Plasma technique converts landfill methane to jet fuel

Researchers at the University of Sydney have developed a new chemical process that uses plasma to transform methane from landfill sites into sustainable jet fuel.

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Global landfill is estimated to produce 10–20 million tonnes of greenhouse gases (GHG) per year, comparable to the emissions of the global energy sector according to some studies. While landfills emit a mix of CO2 and methane, the latter is a significantly more potent GHG, giving a warming effect around 80 times that of CO2 over its first 20 years in the atmosphere.

“Globally, landfills are a major emitter of greenhouse gases, mainly a mixture of CO2 and methane,” said Professor PJ Cullen from the University of Sydney’s School of Chemical and Biomolecular Engineering and Net Zero Initiative. “We have developed a process that would take these gases and convert them into fuels, targeting sectors that are difficult to electrify, like aviation.”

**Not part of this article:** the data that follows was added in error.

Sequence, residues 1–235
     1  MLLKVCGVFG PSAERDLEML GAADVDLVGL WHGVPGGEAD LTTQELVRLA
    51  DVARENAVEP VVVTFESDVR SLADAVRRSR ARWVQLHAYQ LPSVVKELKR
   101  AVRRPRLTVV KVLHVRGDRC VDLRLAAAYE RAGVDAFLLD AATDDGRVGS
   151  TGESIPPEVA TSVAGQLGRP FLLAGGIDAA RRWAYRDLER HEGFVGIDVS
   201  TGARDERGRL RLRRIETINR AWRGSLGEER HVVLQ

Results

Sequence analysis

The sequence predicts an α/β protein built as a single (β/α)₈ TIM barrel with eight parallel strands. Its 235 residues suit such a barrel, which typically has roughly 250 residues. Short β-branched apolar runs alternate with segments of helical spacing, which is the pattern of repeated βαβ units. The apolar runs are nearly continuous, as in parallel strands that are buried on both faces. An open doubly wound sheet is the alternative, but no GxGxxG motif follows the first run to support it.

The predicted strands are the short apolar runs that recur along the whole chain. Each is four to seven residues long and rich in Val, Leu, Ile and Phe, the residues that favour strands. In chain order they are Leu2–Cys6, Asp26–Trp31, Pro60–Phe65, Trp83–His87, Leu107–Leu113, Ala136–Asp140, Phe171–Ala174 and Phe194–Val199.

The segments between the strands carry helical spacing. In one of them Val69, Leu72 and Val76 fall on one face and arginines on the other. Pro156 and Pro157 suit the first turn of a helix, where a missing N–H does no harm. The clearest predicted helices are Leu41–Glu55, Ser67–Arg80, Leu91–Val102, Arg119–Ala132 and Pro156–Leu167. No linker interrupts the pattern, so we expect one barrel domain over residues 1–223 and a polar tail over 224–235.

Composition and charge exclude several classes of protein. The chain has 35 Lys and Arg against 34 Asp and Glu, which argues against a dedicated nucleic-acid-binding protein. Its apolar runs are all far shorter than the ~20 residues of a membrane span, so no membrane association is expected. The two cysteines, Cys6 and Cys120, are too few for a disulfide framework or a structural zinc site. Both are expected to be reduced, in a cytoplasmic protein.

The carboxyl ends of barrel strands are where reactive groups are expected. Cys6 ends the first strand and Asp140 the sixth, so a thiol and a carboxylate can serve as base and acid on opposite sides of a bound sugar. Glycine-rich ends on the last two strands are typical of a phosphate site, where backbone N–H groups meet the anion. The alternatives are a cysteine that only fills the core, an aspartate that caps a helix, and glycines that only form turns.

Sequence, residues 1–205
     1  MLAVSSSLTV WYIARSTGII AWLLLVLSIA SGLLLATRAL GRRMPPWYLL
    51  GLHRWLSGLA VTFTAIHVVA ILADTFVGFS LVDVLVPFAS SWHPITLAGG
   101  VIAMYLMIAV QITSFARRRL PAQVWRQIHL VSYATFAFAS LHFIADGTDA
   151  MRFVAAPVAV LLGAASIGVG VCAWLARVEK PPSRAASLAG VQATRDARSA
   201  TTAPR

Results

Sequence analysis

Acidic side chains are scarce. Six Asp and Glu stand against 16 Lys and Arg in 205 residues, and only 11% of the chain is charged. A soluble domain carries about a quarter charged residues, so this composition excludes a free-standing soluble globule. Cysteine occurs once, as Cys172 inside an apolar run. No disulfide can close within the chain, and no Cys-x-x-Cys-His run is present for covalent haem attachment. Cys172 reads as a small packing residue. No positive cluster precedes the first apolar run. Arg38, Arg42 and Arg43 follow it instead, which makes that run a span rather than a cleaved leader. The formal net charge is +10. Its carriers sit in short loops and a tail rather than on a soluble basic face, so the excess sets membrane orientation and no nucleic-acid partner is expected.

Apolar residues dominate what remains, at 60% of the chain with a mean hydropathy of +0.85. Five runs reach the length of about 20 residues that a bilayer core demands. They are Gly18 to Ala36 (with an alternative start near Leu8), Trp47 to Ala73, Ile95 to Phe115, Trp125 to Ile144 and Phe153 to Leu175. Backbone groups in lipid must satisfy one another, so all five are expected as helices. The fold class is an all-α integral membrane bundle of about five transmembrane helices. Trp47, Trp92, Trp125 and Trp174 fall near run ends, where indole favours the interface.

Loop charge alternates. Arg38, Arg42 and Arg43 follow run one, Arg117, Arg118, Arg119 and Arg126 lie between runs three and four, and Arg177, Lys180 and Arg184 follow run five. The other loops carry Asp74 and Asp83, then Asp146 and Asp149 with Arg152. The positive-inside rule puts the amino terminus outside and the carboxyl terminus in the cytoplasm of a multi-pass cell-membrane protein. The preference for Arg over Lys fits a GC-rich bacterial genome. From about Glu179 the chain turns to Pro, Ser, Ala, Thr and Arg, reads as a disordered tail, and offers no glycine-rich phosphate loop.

“Modern landfill facilities already capture, upgrade and combust their gas emissions for electricity generation, however, our process creates a much more environmentally impactful and commercially valuable product.”

The Sydney team’s method works by extracting methane from a landfill site, known as a methane well, which uses a shaft-like mechanism to extract the gas. Using a technique known as ‘Non-Thermal Plasma-Driven Biogas Upcycling’, methane is reacted with plasma to produce more complex, long-chain hydrocarbons such as jet fuel. The research is published in the Journal of the American Chemical Society.

“Non-thermal plasma is an electricity-driven technology which can excite gas at both a low temperature and atmospheric pressure,” said Professor Cullen, the study's lead author.

The plasma process takes place at low temperature and pressure - University of Sydney/PlasmaLeap Technologies

“Essentially, what this means is this approach facilitates the conversion of the gas into value-added products by inducing plasma discharge within forming gas bubbles. The process doesn’t require heat or pressure, meaning it requires less energy, making it highly compatible with renewable energy power sources.”

Professor Cullen and study co-authors Emma Lovell and Tianqi Zhang hold positions at PlasmaLeap Technologies, the supplier of the plasma system employed to generate plasma bubbles in the study.